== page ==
- Absence for greater than or equal to one-half of a staff member’s shift becomes considered as "unscheduled time off."
- Staff must notify their supervisor and follow department guidelines if they are aware that they will be late.
- Excessive tardiness will result in counseling and/or corrective action and may be cause for termination.
With prior supervisor approval, staff may extend a normal workday to make up for a tardy.
Staff who are aware that they will be absent from work should adhere to the following guidelines:
- Staff should provide their supervisor with as much notice as possible of an absence so that the supervisor can make the necessary staffing adjustments. Based on staffing needs, each department or unit will create guidelines regarding the amount of advance notice required for an absence to be considered as "scheduled" and will set the proper notification procedures required for an unscheduled time off. These guidelines must be in writing and communicated to all staff.
- When a staff member notifies his or her supervisor of an absence that is health related and involves hospitalization or any absence that is expected to last for more than three days, the supervisor should assess the situation for applicability of Family Medical Leave. (Please see Leaves of Absence for further information on this topic.) If appropriate, the supervisor should designate the leave as a "Family Medical Leave" and provide the staff member with information and forms to certify the absence as a "Family Medical Leave."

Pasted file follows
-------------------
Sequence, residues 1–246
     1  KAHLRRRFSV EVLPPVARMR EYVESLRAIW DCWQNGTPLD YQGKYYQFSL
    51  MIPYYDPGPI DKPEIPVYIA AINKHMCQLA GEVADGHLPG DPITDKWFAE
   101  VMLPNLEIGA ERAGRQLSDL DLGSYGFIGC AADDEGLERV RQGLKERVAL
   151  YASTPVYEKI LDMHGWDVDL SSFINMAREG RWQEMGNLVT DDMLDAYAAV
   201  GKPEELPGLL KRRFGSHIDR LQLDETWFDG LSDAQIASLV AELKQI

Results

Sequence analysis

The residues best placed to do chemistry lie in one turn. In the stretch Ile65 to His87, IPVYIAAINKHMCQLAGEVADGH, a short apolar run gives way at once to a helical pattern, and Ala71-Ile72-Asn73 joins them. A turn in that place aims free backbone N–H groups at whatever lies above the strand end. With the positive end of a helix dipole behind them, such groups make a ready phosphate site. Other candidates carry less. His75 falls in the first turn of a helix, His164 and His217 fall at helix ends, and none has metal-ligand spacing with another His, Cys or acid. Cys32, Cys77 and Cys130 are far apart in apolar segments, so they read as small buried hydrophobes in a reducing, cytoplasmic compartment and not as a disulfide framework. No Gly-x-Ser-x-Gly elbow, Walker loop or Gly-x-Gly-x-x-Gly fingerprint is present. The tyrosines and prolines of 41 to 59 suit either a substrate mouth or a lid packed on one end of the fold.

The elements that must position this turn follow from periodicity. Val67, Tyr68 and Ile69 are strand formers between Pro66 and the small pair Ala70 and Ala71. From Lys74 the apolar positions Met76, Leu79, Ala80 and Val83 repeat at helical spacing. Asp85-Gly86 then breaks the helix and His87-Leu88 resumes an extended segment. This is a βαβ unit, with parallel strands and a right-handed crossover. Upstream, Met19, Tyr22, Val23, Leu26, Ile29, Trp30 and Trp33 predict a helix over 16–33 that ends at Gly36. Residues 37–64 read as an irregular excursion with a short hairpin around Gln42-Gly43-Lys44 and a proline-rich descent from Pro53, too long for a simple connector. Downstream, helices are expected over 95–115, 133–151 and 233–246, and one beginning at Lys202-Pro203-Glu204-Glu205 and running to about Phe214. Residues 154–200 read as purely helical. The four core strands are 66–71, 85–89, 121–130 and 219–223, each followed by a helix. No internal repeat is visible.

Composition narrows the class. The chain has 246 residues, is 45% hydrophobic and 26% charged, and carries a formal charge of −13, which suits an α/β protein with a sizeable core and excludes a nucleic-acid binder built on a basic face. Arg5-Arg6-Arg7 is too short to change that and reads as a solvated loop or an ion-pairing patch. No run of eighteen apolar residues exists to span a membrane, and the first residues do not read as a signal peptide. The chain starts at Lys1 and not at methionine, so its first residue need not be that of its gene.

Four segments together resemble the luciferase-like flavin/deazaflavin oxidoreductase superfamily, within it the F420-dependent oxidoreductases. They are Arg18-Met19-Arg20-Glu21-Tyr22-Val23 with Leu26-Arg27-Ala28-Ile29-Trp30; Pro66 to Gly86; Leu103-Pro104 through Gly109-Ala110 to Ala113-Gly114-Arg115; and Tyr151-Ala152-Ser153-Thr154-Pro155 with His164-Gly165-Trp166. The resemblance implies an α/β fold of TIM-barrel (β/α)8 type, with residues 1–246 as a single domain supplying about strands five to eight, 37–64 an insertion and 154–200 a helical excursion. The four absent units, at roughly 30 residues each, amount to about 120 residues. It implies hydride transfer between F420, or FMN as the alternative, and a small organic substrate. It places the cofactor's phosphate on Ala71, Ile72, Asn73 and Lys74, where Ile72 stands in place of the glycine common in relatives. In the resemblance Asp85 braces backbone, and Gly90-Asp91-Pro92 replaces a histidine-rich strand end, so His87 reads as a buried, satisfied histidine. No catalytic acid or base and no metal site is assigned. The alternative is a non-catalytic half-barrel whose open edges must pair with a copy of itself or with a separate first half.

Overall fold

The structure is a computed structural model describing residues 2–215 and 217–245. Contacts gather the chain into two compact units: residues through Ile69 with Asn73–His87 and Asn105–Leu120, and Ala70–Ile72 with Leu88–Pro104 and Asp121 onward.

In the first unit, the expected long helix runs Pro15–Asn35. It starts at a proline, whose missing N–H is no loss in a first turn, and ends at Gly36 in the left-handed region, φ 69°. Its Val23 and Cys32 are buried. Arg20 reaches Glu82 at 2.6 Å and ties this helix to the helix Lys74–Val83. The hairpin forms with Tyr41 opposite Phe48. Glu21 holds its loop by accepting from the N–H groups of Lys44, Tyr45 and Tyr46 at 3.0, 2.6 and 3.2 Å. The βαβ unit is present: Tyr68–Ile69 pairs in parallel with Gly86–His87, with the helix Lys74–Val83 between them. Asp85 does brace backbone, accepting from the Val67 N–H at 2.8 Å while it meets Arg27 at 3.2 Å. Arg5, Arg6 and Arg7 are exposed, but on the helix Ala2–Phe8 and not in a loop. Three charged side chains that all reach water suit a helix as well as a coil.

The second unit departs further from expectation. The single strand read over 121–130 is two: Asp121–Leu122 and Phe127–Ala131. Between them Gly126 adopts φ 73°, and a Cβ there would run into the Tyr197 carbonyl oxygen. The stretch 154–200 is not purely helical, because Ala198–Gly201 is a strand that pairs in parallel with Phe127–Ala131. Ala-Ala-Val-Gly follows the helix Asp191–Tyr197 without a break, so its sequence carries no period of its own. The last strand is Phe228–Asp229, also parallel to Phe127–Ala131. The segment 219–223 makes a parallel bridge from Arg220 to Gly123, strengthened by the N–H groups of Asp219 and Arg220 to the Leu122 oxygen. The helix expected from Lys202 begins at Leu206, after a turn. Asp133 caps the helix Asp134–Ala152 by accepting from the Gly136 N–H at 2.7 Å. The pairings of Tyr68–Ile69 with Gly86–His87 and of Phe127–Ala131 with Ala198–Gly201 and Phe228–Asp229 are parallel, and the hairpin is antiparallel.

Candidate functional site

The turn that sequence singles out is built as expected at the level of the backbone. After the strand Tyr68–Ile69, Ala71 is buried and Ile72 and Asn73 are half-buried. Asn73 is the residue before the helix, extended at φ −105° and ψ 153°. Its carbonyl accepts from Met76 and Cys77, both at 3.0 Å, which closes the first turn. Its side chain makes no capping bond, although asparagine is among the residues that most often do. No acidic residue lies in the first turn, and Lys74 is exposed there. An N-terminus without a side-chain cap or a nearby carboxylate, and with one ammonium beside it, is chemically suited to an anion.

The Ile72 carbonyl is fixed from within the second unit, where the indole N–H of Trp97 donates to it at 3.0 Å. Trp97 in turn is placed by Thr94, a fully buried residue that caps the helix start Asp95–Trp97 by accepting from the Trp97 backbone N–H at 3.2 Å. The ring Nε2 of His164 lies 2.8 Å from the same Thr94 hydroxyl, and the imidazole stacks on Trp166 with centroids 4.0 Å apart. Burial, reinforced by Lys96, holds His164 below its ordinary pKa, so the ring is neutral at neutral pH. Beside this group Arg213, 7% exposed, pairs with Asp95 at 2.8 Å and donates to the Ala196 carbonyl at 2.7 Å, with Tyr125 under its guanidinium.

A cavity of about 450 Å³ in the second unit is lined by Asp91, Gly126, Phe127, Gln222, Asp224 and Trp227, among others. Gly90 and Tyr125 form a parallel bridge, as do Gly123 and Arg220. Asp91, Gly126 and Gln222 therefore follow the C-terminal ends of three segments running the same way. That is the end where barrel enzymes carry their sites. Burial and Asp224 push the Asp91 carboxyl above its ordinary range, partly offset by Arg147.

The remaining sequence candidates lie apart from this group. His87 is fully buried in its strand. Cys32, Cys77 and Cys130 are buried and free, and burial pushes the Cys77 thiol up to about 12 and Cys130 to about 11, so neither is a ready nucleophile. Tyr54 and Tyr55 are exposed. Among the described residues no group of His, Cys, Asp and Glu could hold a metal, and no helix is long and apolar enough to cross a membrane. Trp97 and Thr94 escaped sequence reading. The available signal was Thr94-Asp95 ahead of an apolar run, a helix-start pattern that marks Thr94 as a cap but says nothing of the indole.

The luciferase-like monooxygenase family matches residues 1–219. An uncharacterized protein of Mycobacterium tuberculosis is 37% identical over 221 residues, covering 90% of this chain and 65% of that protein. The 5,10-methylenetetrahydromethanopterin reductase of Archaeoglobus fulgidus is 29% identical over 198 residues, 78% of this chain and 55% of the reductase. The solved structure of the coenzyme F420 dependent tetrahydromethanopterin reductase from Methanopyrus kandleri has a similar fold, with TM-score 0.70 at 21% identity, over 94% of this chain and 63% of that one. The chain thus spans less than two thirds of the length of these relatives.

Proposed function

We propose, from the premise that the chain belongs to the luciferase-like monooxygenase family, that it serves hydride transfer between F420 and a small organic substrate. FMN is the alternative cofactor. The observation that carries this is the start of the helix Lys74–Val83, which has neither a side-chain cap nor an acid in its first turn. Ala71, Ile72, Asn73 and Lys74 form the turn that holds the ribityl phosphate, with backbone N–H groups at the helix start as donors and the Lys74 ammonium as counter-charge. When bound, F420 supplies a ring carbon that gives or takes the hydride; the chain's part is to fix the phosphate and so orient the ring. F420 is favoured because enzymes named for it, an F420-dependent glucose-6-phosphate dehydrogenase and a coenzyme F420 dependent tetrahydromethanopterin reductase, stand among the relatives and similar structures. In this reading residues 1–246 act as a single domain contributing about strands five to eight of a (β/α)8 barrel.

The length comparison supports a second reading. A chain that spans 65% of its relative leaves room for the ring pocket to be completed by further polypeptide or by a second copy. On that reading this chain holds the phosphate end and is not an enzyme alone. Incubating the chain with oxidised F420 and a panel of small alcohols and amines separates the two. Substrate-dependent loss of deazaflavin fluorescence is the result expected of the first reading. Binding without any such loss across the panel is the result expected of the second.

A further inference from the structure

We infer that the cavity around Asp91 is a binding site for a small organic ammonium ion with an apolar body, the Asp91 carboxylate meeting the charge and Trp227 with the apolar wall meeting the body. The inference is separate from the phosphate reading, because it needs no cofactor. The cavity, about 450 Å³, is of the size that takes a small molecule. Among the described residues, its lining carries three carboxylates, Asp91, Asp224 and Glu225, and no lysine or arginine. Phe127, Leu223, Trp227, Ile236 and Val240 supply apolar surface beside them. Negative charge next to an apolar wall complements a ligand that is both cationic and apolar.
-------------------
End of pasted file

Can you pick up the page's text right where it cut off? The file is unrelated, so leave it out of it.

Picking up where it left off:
Unless they have made other arrangements with their supervisor(s), staff are required to call in each day during any period of absence (or according to their department’s policy).
Supervisors should adhere to the following guidelines to ensure staff understand the attendance standards as well as the implications for not meeting those standards:
- Supervisors should counsel staff (1) to ensure understanding of attendance standards, (2) to ensure that all staff understand notification guidelines, (3) to address any attendance issues, and (4) to affirm attendance expectations.
- Once a threshold for unscheduled absences or tardies is reached, a staff member is subject to progressive corrective action - up to and including termination.
A staff member's failure to provide proper notification to his or her supervisor of an unscheduled time off (in accordance with department guidelines) will be considered as grounds for corrective action. This may also cause a staff member to go uncompensated for such an absence.
See Attendance Corrective Action Guidelines and 12-Month Rolling Period for more information.
If a staff member has no instances of unscheduled time off or tardiness in the six-month period following a formal corrective action for attendance, all previous attendance-related corrective actions (including any previously unscheduled absence and tardiness) will be removed from his or her department file. This is called the redemptive clause.
For example, if a staff member has a "Final Written Warning" for unscheduled time off and he or she does not have any additional instances of unscheduled time off during the six-month period, the corrective action will be removed. The same logic holds for a corrective action based on instances of tardiness. The corrective action and all occurrences will be removed.
Staff returning to work following an absence due to illness may be required to provide a health care provider's certificate releasing the staff member to return to work.
Consecutive absences of three (or more) workdays will be considered as job abandonment and will result in voluntary termination if - prior to the end of the staff member's third scheduled work day - the staff member does not contact his or her supervisor (or department) in accordance with department procedures.